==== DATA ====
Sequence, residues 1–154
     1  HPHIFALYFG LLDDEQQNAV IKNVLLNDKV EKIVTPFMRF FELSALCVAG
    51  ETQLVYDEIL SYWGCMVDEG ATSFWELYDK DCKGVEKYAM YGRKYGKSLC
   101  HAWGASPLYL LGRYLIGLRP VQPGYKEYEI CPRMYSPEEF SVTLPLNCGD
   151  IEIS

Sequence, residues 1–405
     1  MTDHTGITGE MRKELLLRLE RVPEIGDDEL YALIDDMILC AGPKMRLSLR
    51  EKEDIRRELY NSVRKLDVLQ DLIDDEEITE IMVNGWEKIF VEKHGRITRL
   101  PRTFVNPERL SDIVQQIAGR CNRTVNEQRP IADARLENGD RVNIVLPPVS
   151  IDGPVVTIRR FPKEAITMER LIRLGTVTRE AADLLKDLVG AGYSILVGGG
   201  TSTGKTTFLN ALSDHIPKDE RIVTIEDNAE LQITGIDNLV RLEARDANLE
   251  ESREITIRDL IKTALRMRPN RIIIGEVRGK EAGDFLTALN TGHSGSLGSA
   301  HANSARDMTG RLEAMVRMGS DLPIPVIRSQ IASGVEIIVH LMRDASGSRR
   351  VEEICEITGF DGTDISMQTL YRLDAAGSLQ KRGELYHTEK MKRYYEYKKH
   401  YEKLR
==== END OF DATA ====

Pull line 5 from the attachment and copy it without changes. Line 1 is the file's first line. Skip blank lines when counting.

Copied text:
   151  IEIS